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Go-go dancing

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**History of Go-Go Dancing**:
– Etymology of the term ‘go-go’.
– Origin of the term ‘go-go dancer’ at Whisky a Go Go.
– Evolution of go-go dancing in the 1960s with examples like Carol Doda and Whisky a Go Go in Los Angeles.
– Popularity of go-go dancers on television shows like Hullabaloo and Shindig!
– Presence of male go-go dancers in gay clubs from the 1960s to today.

**Economic Aspects**:
– Average earnings of go-go dancers in the mid-1960s.
– Shift in opportunities for go-go dancers from discotheques to strip clubs in the 1970s.
– Transition to live sex shows and topless go-go dancing at strip clubs.
– Resurgence of go-go dancing in the 1980s in NYC and its spread to nightclubs.

**Cultural Relevance**:
– Inclusion of go-go dancing in pop songs of the 1960s.
– Revival of go-go dancing in gay clubs in 1988.
– Greater popularity of gay male go-go dancers in American culture today.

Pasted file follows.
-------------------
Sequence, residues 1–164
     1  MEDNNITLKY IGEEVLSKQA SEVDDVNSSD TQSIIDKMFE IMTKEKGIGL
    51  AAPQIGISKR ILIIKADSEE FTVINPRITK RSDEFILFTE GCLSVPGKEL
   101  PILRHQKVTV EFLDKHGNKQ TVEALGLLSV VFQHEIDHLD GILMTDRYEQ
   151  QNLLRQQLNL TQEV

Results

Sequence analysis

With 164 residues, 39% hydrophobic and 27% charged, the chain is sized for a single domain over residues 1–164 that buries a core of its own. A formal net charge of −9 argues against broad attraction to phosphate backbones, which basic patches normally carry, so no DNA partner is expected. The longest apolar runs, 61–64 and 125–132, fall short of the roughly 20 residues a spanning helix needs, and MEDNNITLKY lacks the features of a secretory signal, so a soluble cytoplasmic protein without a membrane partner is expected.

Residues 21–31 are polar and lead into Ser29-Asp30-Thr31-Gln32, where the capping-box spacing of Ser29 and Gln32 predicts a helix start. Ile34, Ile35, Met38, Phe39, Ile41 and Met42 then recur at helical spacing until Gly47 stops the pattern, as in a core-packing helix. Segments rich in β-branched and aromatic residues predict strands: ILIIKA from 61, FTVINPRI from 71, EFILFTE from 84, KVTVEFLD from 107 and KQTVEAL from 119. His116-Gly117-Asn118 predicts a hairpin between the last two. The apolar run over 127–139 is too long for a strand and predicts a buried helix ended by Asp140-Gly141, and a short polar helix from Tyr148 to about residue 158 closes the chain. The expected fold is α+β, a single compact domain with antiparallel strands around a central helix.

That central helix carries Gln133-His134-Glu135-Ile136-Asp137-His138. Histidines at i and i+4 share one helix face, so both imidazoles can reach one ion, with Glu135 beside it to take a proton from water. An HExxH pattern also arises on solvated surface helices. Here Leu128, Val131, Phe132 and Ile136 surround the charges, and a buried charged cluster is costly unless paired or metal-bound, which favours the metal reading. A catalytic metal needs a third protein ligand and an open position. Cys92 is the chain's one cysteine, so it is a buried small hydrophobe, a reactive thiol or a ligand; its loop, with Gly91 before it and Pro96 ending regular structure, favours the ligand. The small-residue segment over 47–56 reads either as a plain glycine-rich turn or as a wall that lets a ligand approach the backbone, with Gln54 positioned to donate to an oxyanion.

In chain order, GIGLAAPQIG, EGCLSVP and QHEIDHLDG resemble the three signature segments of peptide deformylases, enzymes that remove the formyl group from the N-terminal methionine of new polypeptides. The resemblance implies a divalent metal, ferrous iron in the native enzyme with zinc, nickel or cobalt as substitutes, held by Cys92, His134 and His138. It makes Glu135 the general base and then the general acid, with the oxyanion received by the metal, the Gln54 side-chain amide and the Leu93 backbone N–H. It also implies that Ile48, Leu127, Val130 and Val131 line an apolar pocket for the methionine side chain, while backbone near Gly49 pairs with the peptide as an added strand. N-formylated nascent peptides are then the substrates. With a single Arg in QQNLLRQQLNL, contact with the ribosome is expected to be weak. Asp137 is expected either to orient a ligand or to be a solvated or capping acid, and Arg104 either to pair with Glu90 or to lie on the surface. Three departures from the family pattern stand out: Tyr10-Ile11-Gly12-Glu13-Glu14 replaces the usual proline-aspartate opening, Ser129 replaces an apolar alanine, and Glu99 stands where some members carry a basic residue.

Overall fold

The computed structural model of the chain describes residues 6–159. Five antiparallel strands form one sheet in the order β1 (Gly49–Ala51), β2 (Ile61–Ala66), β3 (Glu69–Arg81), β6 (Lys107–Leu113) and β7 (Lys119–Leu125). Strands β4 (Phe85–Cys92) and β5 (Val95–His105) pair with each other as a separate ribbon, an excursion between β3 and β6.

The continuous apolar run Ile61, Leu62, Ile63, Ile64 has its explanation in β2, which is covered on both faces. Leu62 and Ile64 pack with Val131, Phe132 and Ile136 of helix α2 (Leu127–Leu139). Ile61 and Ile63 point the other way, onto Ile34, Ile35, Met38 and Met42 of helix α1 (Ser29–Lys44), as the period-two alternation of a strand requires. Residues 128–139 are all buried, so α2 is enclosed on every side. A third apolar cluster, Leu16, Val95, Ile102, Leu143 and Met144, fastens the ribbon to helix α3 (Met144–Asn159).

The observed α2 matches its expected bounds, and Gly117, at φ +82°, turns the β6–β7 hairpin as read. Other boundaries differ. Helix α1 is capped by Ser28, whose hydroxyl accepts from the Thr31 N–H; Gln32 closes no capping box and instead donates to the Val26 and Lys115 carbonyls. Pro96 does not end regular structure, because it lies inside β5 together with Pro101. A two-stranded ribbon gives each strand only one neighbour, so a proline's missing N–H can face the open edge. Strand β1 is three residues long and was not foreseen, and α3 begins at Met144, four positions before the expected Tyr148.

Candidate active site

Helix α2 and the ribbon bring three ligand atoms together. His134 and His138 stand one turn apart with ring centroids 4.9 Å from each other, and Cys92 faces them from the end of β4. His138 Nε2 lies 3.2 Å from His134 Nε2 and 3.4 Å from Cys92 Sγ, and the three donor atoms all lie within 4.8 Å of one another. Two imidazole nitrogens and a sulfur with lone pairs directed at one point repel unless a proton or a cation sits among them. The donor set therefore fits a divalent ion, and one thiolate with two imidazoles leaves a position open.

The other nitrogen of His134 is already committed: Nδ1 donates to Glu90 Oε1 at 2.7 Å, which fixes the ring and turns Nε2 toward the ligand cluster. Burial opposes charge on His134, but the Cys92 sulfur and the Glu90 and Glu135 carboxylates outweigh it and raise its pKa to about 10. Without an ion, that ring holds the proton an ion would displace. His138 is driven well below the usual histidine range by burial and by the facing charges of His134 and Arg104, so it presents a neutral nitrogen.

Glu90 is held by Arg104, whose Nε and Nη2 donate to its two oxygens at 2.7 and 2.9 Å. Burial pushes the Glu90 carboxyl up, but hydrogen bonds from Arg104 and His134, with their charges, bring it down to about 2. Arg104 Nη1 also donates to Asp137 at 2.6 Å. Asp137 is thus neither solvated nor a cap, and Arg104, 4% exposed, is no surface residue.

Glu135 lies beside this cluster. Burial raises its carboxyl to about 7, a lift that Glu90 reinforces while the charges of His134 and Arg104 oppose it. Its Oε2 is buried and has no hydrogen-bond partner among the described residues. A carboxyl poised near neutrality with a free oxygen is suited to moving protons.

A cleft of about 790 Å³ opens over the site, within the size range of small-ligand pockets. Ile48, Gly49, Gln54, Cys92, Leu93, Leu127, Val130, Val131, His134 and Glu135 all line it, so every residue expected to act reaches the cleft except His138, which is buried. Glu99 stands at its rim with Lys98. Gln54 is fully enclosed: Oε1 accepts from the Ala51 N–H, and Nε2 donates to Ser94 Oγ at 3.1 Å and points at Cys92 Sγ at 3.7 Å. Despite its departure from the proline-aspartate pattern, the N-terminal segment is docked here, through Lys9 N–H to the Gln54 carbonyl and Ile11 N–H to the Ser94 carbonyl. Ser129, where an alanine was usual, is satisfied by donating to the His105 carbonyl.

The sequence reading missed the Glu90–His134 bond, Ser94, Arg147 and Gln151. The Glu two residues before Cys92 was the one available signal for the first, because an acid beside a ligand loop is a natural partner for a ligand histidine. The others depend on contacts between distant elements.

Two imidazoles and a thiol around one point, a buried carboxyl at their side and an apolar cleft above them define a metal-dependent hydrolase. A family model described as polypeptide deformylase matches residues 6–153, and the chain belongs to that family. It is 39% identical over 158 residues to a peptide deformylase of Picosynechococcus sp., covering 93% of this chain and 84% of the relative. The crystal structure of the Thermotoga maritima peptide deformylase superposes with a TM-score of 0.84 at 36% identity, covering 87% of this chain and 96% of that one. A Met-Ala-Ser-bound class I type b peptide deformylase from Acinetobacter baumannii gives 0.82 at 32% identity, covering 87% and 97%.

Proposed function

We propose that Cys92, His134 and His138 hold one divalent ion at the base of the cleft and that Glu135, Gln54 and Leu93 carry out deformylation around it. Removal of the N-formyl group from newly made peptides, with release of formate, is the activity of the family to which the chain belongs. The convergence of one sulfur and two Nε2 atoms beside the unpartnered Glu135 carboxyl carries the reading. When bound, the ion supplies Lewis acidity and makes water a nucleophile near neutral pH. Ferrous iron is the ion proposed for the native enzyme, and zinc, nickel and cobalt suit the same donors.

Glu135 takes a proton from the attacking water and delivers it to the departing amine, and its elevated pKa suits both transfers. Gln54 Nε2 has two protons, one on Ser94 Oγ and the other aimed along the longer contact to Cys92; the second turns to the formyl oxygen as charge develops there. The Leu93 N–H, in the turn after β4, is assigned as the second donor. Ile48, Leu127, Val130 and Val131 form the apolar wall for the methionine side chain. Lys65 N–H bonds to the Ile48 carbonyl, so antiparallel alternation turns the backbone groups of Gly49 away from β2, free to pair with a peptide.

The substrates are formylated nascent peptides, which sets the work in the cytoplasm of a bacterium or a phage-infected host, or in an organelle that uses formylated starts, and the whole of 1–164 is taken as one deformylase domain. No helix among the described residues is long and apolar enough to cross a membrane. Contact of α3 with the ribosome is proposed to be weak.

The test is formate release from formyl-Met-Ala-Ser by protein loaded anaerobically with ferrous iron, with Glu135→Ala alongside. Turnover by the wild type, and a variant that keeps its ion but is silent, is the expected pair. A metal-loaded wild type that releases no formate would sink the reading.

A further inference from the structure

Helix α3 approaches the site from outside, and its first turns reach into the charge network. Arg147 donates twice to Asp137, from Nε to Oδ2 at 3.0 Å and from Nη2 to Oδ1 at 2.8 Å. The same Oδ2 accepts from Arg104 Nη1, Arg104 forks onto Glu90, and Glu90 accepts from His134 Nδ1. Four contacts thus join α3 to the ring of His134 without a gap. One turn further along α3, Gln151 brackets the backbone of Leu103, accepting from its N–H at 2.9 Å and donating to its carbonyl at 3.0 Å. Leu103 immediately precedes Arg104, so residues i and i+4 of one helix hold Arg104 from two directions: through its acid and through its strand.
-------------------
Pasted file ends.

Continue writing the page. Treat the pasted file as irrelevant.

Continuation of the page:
– City of West Hollywood’s celebration of Go-Go Boy Appreciation Day.

**Performance Art and Media**:
– Use of go-go dancers for nightclubs, parties, festivals, and raves.
– Depiction of go-go dancing in films like ‘Faster, Pussycat! Kill! Kill!’ and ‘Go Go Tales’.
– Appearance of go-go dancers in German show Beat-Club.
– References from dictionaries, books, and news articles.

**Modern Trends and External Links**:
– Presence of more gay go-go dancers than female dancers in contemporary club scenes.
– Resurgence of go-go dancing in the early 1980s and its spread to nightclubs.
– External links to Wikimedia Commons for related media on go-go dancing.

Go-go dancing (Wikipedia)

Go-go dancers are dancers who are employed to entertain crowds at nightclubs or other venues where music is played. Go-go dancing originated in the early 1960s at the French bar Whisky a Gogo, located in the town of Juan-les-Pins. The bar's name was taken from the French title of the Scottish comedy film Whisky Galore!  The French bar then licensed its name to the West Hollywood rock club Whisky a Go Go, which opened in January 1964 and chose the name to reflect the already popular craze of go-go dancing. Many 1960s-era nightclub dancers wore short, fringed skirts and high boots which eventually came to be called go-go boots. Nightclub promoters in the mid‑1960s then conceived the idea of hiring women dressed in these outfits to entertain patrons.

Modern go-go dancer Cherry Lei
Go-go boot
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